In the case of Lock v British Gas Trading Ltd, the employment tribunal has confirmed that UK domestic legislation can be interpreted so as to require employers to take commission payments into account when calculating a worker’s holiday pay i.e. in line with an earlier ECJ judgment in the case.

Although this underlying calculation principle was not in doubt, there had remained an outstanding issue about whether, given the way the Working Time Regulations are drafted, they can be reconciled (ie construed consistently) with that underlying principle and whether, therefore, UK legislation places the necessary obligation on employers to calculate holiday pay on this basis. This latest tribunal judgment has found that the Working Time Regulations can be consistently construed, and therefore they do place employers under the necessary obligation.

The Tribunal held that additional words must be read into the Working Time Regulations and that these extra words have the effect of treating a person such as Mr Lock as a worker whose pay “varies with the amount of work done” (for the purposes of section 221 Employment Rights Act 1996). In turn, that means the employer must calculate holiday pay by reference to the worker’s average hourly rate of pay received in the 12 week period prior to taking leave. That average will likely include an element reflecting previous commission earned by the worker.

This decision is the final piece completing the jigsaw and confirmation that where a worker is remunerated by reference to commission earned, their employer must take that into account when calculating their holiday pay.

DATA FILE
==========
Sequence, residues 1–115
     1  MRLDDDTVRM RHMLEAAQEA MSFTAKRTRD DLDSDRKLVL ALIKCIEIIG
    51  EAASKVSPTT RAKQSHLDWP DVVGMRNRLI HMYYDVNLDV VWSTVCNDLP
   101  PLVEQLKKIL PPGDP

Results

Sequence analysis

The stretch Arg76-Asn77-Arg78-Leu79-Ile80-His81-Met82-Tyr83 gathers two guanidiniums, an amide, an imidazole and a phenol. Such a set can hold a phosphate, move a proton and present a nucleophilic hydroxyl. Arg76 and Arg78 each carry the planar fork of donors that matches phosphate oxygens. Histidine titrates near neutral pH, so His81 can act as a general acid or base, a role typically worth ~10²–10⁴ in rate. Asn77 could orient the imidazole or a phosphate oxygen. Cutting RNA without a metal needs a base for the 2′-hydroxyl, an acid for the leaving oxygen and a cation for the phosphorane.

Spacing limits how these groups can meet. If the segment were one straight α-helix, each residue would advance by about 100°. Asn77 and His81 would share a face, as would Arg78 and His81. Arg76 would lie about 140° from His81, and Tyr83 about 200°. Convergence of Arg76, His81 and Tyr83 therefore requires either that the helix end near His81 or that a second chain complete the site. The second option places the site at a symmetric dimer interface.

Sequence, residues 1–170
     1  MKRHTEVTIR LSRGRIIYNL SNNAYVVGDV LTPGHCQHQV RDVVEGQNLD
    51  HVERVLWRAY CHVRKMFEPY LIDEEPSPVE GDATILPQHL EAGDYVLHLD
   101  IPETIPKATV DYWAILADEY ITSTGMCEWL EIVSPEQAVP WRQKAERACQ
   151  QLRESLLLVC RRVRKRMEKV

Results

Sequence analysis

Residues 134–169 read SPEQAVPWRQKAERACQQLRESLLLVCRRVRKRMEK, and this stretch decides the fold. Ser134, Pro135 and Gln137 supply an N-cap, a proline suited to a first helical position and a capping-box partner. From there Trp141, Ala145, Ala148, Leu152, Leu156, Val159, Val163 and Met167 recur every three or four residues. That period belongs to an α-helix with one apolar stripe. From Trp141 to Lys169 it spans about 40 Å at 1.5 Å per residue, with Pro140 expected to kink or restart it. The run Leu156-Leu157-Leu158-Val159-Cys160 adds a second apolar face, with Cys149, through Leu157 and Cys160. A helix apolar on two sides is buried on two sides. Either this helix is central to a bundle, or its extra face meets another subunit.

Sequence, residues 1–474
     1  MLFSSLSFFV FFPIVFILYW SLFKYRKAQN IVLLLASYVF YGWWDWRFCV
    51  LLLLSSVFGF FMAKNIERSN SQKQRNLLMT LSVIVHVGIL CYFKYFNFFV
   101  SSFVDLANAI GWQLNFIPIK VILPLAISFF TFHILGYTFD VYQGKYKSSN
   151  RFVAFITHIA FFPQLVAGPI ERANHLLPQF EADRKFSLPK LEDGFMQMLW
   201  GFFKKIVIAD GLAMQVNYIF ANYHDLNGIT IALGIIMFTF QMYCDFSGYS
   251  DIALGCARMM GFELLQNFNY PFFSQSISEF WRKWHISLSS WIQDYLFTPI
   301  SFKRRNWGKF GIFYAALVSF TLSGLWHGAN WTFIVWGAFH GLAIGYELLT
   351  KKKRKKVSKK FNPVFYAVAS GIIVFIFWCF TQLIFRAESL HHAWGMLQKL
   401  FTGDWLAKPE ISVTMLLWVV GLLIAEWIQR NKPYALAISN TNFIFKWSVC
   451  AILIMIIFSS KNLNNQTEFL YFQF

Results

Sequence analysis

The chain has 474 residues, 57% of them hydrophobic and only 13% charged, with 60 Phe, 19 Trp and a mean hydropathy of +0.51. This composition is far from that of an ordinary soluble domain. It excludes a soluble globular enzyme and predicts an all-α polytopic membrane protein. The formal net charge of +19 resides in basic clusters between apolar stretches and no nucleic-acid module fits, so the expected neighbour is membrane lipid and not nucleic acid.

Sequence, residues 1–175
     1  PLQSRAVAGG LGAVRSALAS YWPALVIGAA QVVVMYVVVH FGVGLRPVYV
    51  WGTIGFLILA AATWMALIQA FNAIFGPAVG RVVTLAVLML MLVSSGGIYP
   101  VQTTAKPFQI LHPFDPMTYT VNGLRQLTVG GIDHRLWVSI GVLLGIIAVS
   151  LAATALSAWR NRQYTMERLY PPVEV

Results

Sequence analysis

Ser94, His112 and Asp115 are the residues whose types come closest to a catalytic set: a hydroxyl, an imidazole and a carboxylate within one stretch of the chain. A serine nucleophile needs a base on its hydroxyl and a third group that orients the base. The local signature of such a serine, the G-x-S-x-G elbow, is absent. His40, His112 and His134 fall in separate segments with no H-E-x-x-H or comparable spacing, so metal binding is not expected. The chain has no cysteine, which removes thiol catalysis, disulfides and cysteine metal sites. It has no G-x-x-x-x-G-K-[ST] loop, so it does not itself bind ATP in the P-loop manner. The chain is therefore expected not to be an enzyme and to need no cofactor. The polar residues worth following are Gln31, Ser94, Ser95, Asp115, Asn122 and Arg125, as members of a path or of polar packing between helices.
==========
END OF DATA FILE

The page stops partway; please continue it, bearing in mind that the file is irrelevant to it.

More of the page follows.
As the employment tribunal was at pains to point out, this decision applies only to the 4 weeks of holiday entitlement that derive from EU legislation. It does not apply to the additional 1.6 week holiday entitlement granted under regulation 13A of the Working Time Regulations, or to any other additional entitlement deriving under a worker’s contract.

This decision does not come as any surprise. If they have not already done so, employers should now be considering whether they need to rethink their method of calculating holiday pay.

If employers have been failing to pay enough to workers on annual leave, they face the risk of unlawful deduction claims from workers and former workers for back payments. These claims will be subject to certain limits and constraints – for instance, (see our previous comments in connection with the recent Bear Scotland case here and Lucy McLynn’s discussion on the topic). Also note that after the Bear Scotland judgment, the government introduced new regulations which will have the effect of limiting any claims lodged on or after 1 July 2015 to a maximum backdating period of 2 years, though this particular limit will not apply to any claims lodged before then.


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Louise McCartney

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Posted on 26/03/2015 in Legal Updates

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